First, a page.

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Libya. Don't go there, Mr. President. Sending the Marines ashore in Tripoli would be a terrible mistake.

The reasons are many. The Iraq war has bred tremendous distrust of the United States in the Arab world, and many Arabs would quickly brand any U.S. military action in Libya as a sinister crusade against Islam. The first Arab to make that charge would Moammar Gadhafi, the Libyan dictator who is fighting to regain control of the country.

U.S. action by the Sixth Fleet to impose a no-fly zone or to invade Libya would be a disaster. Today, the war there is a fight by patriotic rebels to topple an insane and homicidal dictator. Inject U.S. forces and Gadhafi would instantly recast the war as a fight to repel infidel American invaders.

Nevertheless, the pressure on President Obama to intervene has grown after the Arab League endorsed a no-fly zone over Libya. That would seem to give the United States cover from Arab states to support the rebels in Libya and help them survive Gadhafi's counter-offensive.

Remember, though, that the leaders of many of the Arab states are under pressure from their own populations to cede power. Popular uprisings have sprouted like oil wells across the Middle East. So, a welcome for U.S. action from the ruling elites who run the Arab League is not the same as a welcome from the Arab peoples themselves. Or from Libyans.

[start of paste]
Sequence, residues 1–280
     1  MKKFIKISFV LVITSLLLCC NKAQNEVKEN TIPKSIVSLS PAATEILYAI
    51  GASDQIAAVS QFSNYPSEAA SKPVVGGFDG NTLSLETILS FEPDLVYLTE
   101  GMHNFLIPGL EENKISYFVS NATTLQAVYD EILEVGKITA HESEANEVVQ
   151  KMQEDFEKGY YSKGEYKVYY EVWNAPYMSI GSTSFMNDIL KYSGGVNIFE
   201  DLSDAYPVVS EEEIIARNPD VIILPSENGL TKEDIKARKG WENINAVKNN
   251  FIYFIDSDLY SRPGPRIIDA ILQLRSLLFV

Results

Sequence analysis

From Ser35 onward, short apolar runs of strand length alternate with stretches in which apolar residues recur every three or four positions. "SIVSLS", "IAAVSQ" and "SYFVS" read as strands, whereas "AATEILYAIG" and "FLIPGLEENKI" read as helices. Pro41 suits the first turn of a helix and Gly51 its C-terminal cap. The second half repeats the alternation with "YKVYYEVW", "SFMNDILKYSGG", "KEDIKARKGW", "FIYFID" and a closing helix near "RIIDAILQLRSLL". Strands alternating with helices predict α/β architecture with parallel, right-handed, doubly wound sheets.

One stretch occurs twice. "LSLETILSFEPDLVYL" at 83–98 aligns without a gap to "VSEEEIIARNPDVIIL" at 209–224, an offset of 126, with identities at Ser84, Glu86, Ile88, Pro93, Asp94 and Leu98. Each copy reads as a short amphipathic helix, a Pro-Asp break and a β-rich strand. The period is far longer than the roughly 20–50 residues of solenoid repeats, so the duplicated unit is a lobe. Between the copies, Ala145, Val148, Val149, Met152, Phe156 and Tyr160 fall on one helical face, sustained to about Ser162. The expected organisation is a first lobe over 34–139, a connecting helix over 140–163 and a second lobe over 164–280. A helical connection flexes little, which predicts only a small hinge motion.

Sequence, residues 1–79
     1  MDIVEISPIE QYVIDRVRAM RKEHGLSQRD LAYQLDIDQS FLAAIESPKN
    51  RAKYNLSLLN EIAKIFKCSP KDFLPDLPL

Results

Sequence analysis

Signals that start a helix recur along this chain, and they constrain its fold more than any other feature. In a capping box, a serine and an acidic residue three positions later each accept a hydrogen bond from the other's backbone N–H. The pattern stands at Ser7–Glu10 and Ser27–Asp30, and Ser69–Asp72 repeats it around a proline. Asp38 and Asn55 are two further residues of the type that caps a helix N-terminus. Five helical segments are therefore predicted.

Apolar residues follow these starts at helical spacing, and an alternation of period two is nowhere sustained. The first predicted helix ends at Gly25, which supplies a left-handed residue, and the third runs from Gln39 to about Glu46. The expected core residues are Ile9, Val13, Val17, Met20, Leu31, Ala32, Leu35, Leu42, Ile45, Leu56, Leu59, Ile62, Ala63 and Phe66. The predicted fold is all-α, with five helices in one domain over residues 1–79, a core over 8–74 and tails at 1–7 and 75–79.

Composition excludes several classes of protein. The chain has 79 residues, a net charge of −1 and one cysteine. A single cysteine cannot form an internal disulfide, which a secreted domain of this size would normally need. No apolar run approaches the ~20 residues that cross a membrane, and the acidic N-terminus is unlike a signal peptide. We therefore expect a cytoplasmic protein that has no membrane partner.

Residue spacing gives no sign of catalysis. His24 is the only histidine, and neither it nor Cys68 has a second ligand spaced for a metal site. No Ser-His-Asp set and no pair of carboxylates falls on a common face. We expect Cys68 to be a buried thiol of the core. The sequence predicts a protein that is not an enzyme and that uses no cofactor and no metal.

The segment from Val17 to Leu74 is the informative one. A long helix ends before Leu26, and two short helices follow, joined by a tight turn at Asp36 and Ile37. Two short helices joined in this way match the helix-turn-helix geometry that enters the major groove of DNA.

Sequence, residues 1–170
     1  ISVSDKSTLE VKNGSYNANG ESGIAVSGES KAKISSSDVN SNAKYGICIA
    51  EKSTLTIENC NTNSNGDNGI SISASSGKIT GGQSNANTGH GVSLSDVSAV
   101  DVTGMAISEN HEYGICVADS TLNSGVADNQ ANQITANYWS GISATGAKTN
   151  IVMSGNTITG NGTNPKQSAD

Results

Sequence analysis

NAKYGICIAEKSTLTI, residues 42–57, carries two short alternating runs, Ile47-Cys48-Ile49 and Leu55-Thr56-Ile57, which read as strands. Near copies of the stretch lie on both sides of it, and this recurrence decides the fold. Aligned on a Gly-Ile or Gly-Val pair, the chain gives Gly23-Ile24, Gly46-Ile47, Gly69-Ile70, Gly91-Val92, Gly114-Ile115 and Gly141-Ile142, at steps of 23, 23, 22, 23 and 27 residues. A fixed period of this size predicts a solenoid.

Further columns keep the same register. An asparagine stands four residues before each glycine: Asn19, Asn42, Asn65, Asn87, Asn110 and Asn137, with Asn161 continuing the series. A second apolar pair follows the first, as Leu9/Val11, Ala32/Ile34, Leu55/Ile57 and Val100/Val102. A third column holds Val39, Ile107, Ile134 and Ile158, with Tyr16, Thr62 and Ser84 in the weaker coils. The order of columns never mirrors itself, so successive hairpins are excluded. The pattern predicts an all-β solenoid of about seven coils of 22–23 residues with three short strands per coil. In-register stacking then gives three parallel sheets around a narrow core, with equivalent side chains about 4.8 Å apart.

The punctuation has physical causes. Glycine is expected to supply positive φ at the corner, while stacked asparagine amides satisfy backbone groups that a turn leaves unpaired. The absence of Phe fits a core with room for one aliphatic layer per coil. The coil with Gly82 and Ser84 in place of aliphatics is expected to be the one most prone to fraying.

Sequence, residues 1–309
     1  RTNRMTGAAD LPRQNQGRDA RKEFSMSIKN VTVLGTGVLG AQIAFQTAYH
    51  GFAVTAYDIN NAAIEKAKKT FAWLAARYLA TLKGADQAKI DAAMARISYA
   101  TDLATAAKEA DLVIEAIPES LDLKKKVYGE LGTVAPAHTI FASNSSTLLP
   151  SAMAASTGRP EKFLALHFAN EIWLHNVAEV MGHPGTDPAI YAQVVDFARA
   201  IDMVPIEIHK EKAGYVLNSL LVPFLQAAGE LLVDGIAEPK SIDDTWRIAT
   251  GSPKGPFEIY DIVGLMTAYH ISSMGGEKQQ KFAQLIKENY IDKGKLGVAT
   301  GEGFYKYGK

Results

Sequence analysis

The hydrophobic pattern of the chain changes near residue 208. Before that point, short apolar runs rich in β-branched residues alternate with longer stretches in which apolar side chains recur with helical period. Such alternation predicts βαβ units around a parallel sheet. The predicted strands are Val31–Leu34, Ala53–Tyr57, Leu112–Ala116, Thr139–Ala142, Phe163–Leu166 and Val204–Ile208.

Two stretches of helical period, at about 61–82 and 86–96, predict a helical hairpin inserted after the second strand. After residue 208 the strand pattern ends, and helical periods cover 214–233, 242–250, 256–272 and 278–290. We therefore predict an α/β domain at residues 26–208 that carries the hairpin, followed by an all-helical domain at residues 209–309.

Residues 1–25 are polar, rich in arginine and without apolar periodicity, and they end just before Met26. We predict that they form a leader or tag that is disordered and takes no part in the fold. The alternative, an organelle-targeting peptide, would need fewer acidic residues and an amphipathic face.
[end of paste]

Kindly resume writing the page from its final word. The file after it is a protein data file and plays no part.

The United States also should beware the limits of military power. As we have learned in Afghanistan and Iraq, U.S. forces can depose a government, but it is much harder to restore order and build a new, better one. The U.S. military already is stretched to the breaking point in two wars. Intervention in Libya should be out of the question, especially because the fighting there poses no direct threat to U.S. national security.

Don't get us wrong. There is no reason for the United States not to kill Gadhafi. He is responsible for anti-American terrorism, including the destruction of Pan Am Flight 103 over Lockerbie, Scotland, in 1988. He also has no compunction about killing his own people to maintain power. If he slaughters more civilians to put down the rebellion, the pressure on the United States to intervene will increase.

But remember the Powell doctrine: If you break it, you own it. If the United States has learned nothing else from its wars in Iraq and Afghanistan, it should have learned that.

What's more, imposing a no-fly zone is unlikely to turn the military tide in Libya. It will take more than that. And more than that is a temptation the United States should reject.